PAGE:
Still, Sen. Ron Wyden of Oregon, the top Democrat at the Finance Committee, told Pro Tax’s Aaron Lorenzo on Tuesday that he believes a bit of support is beginning to take hold in the House, where new Ways and Means lawmakers have been learning about extenders. “I’ve seen it building because everybody’s getting the same kind of concerns from home on uncertainty and what’s the timetable,” Wyden said. And stay tuned: Grassley and Wyden will soon lay another marker on tax extenders, likely on Thursday, according to a Finance source.

The observation that the passage of this bill may not happen until after April 15th is an on point example of the times that we live in.

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Do any policymakers of either party have a clue about how much work they cause everyone by spending their time playing politics instead of doing actual work?  They love to change the tax code on the last days of December so IRS employees have to scramble to update software, forms, pubs, etc.  Last year they passed the extender bill in mid-February, when lots of returns had already been filed.  This caused many banks that left PMI off their 1098s to pay for printing and mailing new forms, many tax pros to sift through completed returns that needed amending and then amending them, the IRS to have people hand process all those amendments.  I've noticed this year that the banks are including PMI on the 1098s even though it doesn't count (yet).  I have been keeping a list of clients who have PMI, might benefit from the tuition and fees deduction, etc. so I don't have to comb through my list of completed returns to try to remember who might benefit.  The policymakers make it sound like (and may believe) they are helping people by doing things like the extenders, but they are actually creating havoc everywhere.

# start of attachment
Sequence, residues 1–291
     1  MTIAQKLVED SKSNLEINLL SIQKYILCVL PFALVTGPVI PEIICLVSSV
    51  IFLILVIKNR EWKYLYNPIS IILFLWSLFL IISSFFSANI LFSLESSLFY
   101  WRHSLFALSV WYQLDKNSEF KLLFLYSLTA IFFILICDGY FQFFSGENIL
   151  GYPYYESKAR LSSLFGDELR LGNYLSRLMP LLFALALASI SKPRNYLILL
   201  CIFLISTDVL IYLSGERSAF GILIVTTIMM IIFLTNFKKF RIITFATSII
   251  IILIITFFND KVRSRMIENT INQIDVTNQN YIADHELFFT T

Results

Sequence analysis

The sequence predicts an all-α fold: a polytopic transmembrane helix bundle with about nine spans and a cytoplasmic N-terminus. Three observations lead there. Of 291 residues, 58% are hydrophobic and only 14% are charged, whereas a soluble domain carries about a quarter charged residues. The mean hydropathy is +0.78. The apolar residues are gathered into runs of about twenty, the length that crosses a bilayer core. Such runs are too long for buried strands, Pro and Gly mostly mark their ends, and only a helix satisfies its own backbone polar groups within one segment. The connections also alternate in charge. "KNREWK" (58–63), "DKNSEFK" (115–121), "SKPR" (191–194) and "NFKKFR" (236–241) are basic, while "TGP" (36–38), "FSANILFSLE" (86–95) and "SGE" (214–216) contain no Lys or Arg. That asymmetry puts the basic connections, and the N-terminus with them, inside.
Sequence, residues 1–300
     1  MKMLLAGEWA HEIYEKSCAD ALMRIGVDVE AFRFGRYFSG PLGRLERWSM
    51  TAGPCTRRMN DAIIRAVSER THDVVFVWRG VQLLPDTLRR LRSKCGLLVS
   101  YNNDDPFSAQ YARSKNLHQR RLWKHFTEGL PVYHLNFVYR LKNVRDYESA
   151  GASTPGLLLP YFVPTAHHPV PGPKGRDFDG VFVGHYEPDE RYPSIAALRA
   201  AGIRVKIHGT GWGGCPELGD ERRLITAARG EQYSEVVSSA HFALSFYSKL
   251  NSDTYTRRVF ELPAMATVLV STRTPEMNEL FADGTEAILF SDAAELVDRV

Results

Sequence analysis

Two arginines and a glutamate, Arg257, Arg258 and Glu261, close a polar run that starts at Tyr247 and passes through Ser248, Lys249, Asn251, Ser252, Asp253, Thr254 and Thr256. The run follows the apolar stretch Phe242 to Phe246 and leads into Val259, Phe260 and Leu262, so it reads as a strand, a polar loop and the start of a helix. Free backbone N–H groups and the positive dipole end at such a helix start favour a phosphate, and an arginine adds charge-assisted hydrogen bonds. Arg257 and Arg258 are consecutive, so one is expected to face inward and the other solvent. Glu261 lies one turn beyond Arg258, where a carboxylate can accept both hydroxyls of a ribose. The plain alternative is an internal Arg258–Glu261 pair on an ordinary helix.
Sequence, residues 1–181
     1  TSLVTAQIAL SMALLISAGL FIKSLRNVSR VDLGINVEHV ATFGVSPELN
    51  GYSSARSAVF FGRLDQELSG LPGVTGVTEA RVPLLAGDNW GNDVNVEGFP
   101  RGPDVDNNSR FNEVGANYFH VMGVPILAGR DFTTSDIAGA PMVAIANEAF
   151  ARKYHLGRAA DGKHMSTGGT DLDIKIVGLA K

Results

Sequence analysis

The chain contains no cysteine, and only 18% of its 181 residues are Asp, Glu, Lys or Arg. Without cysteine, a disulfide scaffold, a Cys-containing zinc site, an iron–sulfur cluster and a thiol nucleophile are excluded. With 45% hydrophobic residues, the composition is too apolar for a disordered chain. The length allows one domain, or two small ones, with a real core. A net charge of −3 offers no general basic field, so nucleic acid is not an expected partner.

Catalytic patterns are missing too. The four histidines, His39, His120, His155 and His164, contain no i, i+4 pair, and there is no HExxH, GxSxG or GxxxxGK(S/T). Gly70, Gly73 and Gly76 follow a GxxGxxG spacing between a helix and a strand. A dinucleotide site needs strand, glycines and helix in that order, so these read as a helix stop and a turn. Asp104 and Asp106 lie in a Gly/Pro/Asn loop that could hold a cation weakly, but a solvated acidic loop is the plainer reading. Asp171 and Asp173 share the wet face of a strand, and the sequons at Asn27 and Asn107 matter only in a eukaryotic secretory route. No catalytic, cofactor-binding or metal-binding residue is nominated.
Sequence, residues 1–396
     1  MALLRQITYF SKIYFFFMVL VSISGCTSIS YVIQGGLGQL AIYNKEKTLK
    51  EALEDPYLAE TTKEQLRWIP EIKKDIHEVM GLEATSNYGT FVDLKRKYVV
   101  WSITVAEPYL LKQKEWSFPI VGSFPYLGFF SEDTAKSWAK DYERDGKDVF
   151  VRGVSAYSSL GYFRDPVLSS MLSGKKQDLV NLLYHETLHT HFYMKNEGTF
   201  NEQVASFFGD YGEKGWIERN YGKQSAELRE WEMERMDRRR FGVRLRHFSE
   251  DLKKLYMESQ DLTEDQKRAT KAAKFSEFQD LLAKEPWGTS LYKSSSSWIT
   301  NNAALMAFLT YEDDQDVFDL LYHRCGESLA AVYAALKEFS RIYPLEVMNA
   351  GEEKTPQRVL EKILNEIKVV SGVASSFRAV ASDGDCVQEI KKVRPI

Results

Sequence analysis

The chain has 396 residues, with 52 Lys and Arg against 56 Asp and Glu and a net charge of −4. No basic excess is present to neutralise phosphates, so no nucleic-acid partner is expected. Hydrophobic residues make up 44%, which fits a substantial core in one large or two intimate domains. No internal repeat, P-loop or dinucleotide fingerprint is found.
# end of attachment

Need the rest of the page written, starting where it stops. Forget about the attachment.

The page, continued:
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I doubt they are concerned about the extra work they cause.

I am certain they are far more concerned about the pressure they are receiving from the lobbyists of the 50 Industry groups that are pushing hard for this bill to be passed!

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11 hours ago, cbslee said:

I doubt they are concerned about the extra work they cause.

I am certain they are far more concerned about the pressure they are receiving from the lobbyists of the 50 Industry groups that are pushing hard for this bill to be passed!

Bio fuel industry is giving the big push on this.

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In the middle of the bill is what I believe to be new tax extender :

Sec. 122. Exclusion from gross income of discharge of qualified principal residence indebtedness (sec. 108(a)(1)(E)). The provision provides through 2019 a maximum exclusion from gross income of $2,000,000 for a discharge of qualified principal residence indebtedness. Generally, indebtedness must be the result of acquisition, construction, or substantial improvement of primary residence. The provision also modifies the exclusion to apply to qualified principal residence indebtedness that is discharged pursuant to a binding written agreement entered into before January 1, 2020.